Came in for a base leg join and landed. The calm wind and good visibility made this fairly straightforward. The circuit was busy and with another aircraft was on finals I turned off at the intersection to get out of the way. I asked on the radio for a bit of help on where to taxi and park – it seems I could have just continued down the runway and turned off onto the grass parking near the end – but instead taxied along the taxiways around the parachute dropzone and parked up as directed.

Dunkeswell clubhouse and restaurant

Landing fee £10 and cup of tea for 90p. Very friendly staff. One of the other pilots saw my SkyDemon GPS and we had a chat about it. I must have shared my enthusiasm for it.

Sat outside in the cafe veranda and watched various aircraft come and go while the parachutists dropped into the field just the other side of the runway. It did surprise me that aircraft continued to take-off/land and taxi around the dropzone, but this seems to be pretty standard operation there.

Since it was getting towards the end of the working day there, and activity seemed to be dying down, I thought it might be a good time to leave. I signed out and got a departure briefing from the desk. It seemed everyone then had the same idea, and suddenly there was a procession of aircraft following me towards the intersection as well as a stream of incoming traffic.

Meanwhile, the start of a parachute drop was announced. After my power checks, parachutists started floating down into the drop zone. A warning came over the radio that a student parachutist was over the field – I looked up ready to turn off the engine if he came my way. After waiting a few minutes for a gap in the traffic, I wanted to backtrack and ensure I had more than enough runway for departure. Others weren’t so concerned and nipped in for an intersection departure, including one while I was backtracking – not a problem for me and made best use of the time. With an inbound aircraft turning finals, I announced immediate take-off on the radio (some people don’t like using the term “rolling” found at military airfields) and powered up. I would have been OK with an intersection departure, but was much happier to be lifting off with some runway ahead – there is a pretty solid dyke and road at the far end which I wouldn’t want an argument with.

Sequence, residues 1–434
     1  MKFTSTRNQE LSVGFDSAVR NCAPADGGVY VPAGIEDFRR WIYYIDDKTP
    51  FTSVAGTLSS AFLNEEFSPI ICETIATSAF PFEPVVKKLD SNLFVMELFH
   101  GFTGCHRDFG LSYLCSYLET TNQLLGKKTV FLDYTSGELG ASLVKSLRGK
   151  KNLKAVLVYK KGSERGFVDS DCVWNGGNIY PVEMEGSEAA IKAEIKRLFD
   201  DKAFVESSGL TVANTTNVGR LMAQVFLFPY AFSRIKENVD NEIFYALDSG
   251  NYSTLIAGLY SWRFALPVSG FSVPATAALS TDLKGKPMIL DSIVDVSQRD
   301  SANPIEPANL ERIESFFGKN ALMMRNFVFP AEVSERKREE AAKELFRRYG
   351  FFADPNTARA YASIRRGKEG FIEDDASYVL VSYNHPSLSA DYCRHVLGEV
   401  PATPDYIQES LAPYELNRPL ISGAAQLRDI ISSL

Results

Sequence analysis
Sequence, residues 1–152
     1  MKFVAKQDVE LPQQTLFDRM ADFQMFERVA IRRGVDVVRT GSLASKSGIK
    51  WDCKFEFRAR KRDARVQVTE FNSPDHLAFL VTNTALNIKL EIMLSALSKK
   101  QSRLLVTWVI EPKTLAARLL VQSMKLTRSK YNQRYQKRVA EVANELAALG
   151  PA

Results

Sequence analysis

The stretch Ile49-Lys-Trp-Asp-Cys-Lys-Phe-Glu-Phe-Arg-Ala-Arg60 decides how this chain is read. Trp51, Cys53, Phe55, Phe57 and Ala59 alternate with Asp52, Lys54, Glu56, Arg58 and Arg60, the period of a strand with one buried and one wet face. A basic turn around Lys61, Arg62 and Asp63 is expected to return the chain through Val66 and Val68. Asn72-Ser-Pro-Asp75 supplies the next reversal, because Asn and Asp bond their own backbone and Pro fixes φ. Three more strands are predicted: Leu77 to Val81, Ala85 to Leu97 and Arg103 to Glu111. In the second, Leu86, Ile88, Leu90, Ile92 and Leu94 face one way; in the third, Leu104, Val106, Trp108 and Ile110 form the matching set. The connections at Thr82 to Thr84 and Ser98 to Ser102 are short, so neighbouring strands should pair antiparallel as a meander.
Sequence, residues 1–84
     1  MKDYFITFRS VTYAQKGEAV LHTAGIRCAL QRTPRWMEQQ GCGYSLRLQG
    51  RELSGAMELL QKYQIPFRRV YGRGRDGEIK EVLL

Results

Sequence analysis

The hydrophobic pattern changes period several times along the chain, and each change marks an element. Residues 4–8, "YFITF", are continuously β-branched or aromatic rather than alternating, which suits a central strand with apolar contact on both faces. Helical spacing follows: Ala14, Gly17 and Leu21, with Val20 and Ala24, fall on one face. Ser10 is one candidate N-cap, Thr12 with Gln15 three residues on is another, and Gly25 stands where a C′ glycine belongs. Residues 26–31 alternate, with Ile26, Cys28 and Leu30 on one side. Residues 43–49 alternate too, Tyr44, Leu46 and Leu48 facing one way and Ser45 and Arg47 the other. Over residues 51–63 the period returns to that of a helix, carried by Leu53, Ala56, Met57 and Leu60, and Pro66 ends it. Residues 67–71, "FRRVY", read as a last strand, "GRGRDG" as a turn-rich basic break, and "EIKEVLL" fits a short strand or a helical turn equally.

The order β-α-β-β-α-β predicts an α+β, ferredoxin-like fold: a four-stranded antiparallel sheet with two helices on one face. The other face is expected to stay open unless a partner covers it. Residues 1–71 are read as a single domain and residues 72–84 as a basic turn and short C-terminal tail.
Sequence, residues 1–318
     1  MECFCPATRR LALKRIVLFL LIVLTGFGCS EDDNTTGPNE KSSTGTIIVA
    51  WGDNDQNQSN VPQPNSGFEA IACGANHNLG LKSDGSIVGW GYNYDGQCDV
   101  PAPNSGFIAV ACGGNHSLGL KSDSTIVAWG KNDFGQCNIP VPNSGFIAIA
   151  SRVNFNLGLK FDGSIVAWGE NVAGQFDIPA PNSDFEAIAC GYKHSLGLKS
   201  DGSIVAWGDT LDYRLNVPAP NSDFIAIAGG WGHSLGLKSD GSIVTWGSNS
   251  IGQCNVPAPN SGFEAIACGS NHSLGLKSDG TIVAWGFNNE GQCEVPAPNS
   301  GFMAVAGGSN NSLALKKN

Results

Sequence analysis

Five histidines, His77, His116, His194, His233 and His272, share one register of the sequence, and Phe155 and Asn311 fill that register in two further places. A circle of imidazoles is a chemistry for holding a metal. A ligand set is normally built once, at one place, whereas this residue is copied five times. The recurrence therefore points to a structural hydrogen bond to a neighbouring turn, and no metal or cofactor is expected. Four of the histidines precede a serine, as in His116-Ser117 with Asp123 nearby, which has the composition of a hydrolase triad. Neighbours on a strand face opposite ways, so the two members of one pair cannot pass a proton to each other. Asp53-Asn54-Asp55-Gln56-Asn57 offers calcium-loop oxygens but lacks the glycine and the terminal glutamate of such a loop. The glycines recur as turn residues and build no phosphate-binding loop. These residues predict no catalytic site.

The route back was pretty much a repeat of the way out. A murky layer of cloud at around 2500 feet reduced the visibility somewhat. When Bristol indicated some conflicting traffic heading towards me, I climbed up to 3000 feet partly to ensure I kept well clear but mostly to see if the visibility would be better. Bristol ATC had co-ordinated with Lyneham in advance and gave me a Lyneham squawk to use as I passed south of Bath.

Changing to Lyneham approach, I got clearance and descended quickly back down to 1600 feet QFE as I entered the zone. With “wind calm” as the surface wind and no other traffic around, I had a really nice long straight in approach to 06. Deliberately landing long to avoid a lengthy taxi back to parking, this was a relaxing close to a good trip.

With nobody else left at the club at 7pm on a Sunday evening, I refuelled the aircraft from the bowser, parked it  and put it away. After a short bit of paperwork, I left feeling like I’d really achieved something.

Maybe all the effort of learning to fly is worthwhile after all